3 Easily Fixable Blog Mistakes You’re Probably Making
If you have a high bounce rate on your blog, there’s a good chance you’re making one or more of these three blogging mistakes.
Fear not – these blogging mistakes are easily fixable. In this post, we’ll show you the “dos” and “don’ts” of blogging, so you can decrease your bounce rate. Additionally, we’ll give you several tips, so you can fix the mistakes as you’re reading this.
Before getting into the nitty-gritty, here are three reasons why you should address these blogging errors sooner rather than later…
- If you’re spending your time creating content, without taking care of these mistakes, you’re wasting your time. It’s like spending hours making dinner, then serving it to an empty table.
- Correcting these mistakes catapults your blog front and center to people that’ll read it (The trick to doing this is so simple, it’s shocking most aren’t doing it).
- If you fix these mistakes, you’ll appear like a professional instead of someone who blogs for no reason. Your blog affects the type of reader you attract – a quality blog gets less timewasters, and more action takers.
One more thing before we get into it: if you blog as a hobby, this post probably isn’t for you. This post is for people that want to make blogging a component of their larger content strategy.
Still with us? Good! Let’s get right into the first, easily fixable mistake.
1. You’re not sure whom your blog is for
Not knowing who your blog is for is mistake number one. It’s the most important step because if you don’t know your audience, you won’t know what to say or how to say it.
In 2009, I said a question we like to ask clients is, “Who is your target market and how do you serve them?” I know 2009 may seem like ages ago, but the thing about marketing is that the principles of human communication are timeless.
In fact…the idea of putting the listener first dates back as far as 4th century BC. During this time, Aristotle wrote The Art of Rhetoric, a book on the study of persuasion. In his writing, Aristotle stresses the importance of the audience when it comes to the message’s goal.
The rise of Greece’s interest in persuasion brought changes in their legal system. For the first time in their history, common people were able to defend themselves in a court of law. If you were not able to convince a jury and judge with your argument, you’d lose your case.
(“It is the hearer that determines the speech’s end and object.” –Aristotle)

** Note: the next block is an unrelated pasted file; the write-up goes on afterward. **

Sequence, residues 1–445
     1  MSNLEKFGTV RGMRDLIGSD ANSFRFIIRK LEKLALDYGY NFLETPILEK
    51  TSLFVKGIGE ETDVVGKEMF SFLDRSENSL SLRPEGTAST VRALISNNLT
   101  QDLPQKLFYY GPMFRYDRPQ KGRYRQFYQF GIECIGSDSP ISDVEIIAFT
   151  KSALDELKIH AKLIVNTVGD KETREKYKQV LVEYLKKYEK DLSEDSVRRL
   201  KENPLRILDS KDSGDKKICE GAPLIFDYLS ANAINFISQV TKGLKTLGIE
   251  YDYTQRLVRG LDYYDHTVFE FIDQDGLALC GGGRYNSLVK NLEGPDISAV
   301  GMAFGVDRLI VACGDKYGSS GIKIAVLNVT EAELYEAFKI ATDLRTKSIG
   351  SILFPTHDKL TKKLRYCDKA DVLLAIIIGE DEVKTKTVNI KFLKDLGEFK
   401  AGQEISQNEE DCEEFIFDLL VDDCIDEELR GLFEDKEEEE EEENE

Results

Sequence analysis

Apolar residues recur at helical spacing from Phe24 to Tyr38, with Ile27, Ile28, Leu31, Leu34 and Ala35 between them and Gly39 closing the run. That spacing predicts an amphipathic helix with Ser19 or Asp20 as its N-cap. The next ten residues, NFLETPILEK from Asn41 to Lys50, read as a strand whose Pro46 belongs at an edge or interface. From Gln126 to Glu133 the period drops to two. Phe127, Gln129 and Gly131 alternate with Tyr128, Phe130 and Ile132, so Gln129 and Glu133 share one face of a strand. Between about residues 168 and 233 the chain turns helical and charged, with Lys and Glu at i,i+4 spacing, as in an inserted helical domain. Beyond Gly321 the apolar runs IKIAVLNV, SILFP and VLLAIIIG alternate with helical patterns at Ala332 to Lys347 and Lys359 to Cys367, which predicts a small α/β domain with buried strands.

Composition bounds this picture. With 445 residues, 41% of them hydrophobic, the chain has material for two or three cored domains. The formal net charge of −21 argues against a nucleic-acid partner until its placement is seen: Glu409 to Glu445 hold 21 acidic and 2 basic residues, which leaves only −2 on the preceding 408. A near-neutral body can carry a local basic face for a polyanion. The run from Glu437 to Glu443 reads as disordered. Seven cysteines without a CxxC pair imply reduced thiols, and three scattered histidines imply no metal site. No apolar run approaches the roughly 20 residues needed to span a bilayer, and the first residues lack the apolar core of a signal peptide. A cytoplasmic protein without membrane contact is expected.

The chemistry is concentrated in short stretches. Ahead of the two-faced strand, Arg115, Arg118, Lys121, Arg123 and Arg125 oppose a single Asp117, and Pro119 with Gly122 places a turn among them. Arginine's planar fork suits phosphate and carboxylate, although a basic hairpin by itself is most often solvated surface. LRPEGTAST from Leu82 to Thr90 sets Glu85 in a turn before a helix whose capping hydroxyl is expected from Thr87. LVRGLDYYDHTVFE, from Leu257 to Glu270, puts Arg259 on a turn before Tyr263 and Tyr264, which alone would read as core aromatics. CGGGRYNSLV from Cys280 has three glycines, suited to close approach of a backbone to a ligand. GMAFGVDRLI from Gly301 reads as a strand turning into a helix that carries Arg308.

People’s freedoms no longer depended on whom they knew, but how well they could make a presentation in court. In his book, Aristotle hammers the idea that the listener is the ultimate decision maker. The listener is the person you must understand if you want to get people to listen to you.
If you think the Internet age is any different from Ancient Greece, think again. Just as in the past, it’s again possible to talk to an audience that was once out of your reach. For Ancient Greece, it was a common person who could speak to others in the courtroom. Today, anyone with an internet connection is able to speak to the world his or her blog.
No matter what century it is, the point will never change: you must understand who you are talking to if you want them to listen to you. Most blogs don’t understand the target audience, so no one reads their blog.
Let’s fix that.
Easy fix for letting the right people know your blog is for them
The following format will define whom your blog targets. Think of this as your blog’s “whom my blog is for” statement. You can display this on your blog, or distribute it to your writers and content creators.
You’re going define your blog’s targeted readers in just one sentence. You could choose to display this sentence on your blog, or keep it internally for your team.
The formula for the sentence goes like this:
“Your Blog’s Name” For targeted readers that want to take beneficial activity without unwanted concept.
Here are some examples of what each of the three variables could be…
Targeted readers could be entrepreneurs, health coaches, or marketers.
Beneficial activity could be learning more a topic, becoming better at something, or achieving a specific result.
Unwanted concept could be worrying about an issue, avoiding something you know your market dislikes, or any other outcome that’s negative.
Here are some examples of this formula in action.
“Results Based Email Marketing Blog” For internet marketers who want to learn about what’s working in email marketing today, without wasting time talking about theory.
“Savvy Home Owners Blog” For low to middle income moms that want to learn how to save money, without spending a lot of time doing extra work.
“Natural Wellness and Fitness Blog” For young males, ages 18 – 26, that want to get in shape in under 60 minutes a day, without consuming supplements or vitamins.
See how simple it is?
In just one sentence, you’ve made it clear who your readers are. Once you do this, you can create the right content that fits their interests. People want to read things that speak exactly to them.
Additionally, you’re showing you’re an expert in talking to a specific person. And as I’m sure you know, experts get paid more.
Once you’ve identified who your readers are, you can start delivering value to them. Simple, right? Not quite. Read on to discover the second mistake we’d like to address.
2. Your blog has content no one cares about